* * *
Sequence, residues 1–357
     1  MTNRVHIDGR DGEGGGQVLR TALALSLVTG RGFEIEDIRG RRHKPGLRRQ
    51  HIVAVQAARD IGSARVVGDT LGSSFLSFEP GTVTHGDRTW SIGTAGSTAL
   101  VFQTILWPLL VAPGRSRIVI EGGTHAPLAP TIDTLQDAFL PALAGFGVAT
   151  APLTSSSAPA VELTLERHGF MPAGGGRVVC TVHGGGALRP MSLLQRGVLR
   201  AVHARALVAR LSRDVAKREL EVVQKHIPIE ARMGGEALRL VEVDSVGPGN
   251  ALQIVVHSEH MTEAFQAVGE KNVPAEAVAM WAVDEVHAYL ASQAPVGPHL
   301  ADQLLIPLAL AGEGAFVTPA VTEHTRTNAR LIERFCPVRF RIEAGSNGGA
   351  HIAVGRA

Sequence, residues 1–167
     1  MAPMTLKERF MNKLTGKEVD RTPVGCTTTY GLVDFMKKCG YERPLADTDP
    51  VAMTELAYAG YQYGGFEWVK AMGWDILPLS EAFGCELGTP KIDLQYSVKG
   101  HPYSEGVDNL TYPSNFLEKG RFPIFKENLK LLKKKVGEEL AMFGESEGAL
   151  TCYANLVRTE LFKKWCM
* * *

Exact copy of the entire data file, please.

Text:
Sequence, residues 1–357
     1  MTNRVHIDGR DGEGGGQVLR TALALSLVTG RGFEIEDIRG RRHKPGLRRQ
    51  HIVAVQAARD IGSARVVGDT LGSSFLSFEP GTVTHGDRTW SIGTAGSTAL
   101  VFQTILWPLL VAPGRSRIVI EGGTHAPLAP TIDTLQDAFL PALAGFGVAT
   151  APLTSSSAPA VELTLERHGF MPAGGGRVVC TVHGGGALRP MSLLQRGVLR
   201  AVHARALVAR LSRDVAKREL EVVQKHIPIE ARMGGEALRL VEVDSVGPGN
   251  ALQIVVHSEH MTEAFQAVGE KNVPAEAVAM WAVDEVHAYL ASQAPVGPHL
   301  ADQLLIPLAL AGEGAFVTPA VTEHTRTNAR LIERFCPVRF RIEAGSNGGA
   351  HIAVGRA

Sequence, residues 1–167
     1  MAPMTLKERF MNKLTGKEVD RTPVGCTTTY GLVDFMKKCG YERPLADTDP
    51  VAMTELAYAG YQYGGFEWVK AMGWDILPLS EAFGCELGTP KIDLQYSVKG
   101  HPYSEGVDNL TYPSNFLEKG RFPIFKENLK LLKKKVGEEL AMFGESEGAL
   151  TCYANLVRTE LFKKWCM